Atlas F1

Qualifying Differentials

British GP Edition

I apologize to all differential fans for not getting the information up on the last issue of Atlas F1. I hope you'll find this issue of differentials "new and improved". As always, skip the next paragraph if you are a regular visitor.

As mentioned in the first edition of Atlas F1 Qualifying Differentials, we are going to keep an eye on the battle between teammates throughout the season by race and overall averages. The measurement is simple. We compare the intra-team difference in seconds on Saturday. Some may say compensation must be given in the favoritism between the number one and two seats within the team. We, on the other hand, do not grant that pardon. For better or worse, our analyses will be on the perfect world of egalitarian status in intra-team rivalry.

So, here we go once more. The season is almost half over and the differentials are averaging out. Let's see which drivers deserve bragging rights for the next three weeks.


  1. Herbert. With the help of Fontana, Johnny has climbed to first on 1997 average differentials for active drivers -- edging out Barrichello after the Brazilian had engine problems at the British Grand Prix. Morbidelli is scheduled to return to face Johnny in Germany. However, the rumor is that Alexander Wurz will soon sign with Sauber. You can't blame Sauber if they let go of both Morbidelli and Fontana in exchange for the Austrian; both have been humiliated by the Happy Brit. Also, if we see Johnny dominate in a Herbert v. Wurz showdown, all doubts on Herbet's abilities must disappear due to Wurz' successes this year against Alesi. Personally, I doubt Wurz would let that happen... along with Benetton.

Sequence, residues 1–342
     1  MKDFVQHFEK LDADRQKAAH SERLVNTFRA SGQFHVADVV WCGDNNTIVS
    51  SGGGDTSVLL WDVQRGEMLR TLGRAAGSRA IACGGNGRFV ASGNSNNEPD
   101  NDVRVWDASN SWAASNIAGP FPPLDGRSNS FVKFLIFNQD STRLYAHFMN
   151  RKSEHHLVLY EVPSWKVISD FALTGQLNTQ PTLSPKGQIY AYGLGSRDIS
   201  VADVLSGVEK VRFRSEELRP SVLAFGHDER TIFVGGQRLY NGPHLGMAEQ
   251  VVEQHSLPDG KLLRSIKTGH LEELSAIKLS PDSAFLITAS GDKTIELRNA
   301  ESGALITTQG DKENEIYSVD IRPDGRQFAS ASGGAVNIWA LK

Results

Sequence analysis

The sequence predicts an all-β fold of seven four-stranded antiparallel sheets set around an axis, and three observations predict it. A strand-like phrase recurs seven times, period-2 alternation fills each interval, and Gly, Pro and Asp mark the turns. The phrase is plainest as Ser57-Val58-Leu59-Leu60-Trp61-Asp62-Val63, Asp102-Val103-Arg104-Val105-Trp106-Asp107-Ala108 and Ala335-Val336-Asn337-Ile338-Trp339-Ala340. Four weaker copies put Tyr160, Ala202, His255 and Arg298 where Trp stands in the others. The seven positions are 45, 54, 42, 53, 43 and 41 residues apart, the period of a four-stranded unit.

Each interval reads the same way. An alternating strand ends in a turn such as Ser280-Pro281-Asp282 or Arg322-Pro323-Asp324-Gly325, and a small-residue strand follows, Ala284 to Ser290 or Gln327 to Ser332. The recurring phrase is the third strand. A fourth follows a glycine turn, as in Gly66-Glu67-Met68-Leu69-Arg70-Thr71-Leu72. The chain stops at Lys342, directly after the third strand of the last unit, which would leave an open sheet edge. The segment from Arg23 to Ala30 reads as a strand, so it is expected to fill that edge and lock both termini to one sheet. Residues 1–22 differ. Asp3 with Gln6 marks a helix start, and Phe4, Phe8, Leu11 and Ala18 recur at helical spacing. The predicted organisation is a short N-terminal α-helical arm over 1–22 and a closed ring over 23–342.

2. Barrichello. Domination by the Dane, Part 1. Ouch. Was it pay back or just a fluke? O.K., so Rubens had a horrible time with the new Ford engine. Yet, Jan had the same engine as well, no? Jan has been in the same situation a lot this year, so let's just give him this victory and observe if he can make the most of his qualifying victory last week.

  3. Hill. Was Tom Walkinshaw that upset with Damon's performance going into the British Grand Prix? Anyone who reads Atlas F1 Qualifying Differentials would have to disagree with Tom's alleged accusations regarding Damon. OK, so he lost a round to Pedro in France. But, gee whiz, the guy is in the top four of active driver differential averages after Britain (only fifty-three thousandths of a second behind Schumacher). Damon, you can drive for our team anytime.

  4. Schumacher. "The Man". Besides Herbert, Michael has the only unbeaten qualifying record this year so far for active drivers. His average differential against Irvine further backs his claim of highest paid driver in the world.

    British Differentials

    French Differentials

    Average Differentials through Britain


    The raw data are copyright © 1997 Fédération Internationale de l'Automobile (8 place de la Concorde, Paris 75008 France). These compilations are copyright © 1997 Atlas F1. Reproduction in any form of these compilations is forbidden without the express permission of Atlas F1 or Atlas WWW.

    The data are subject to revision. Atlas F1 will not be held responsible for any errors or omissions.

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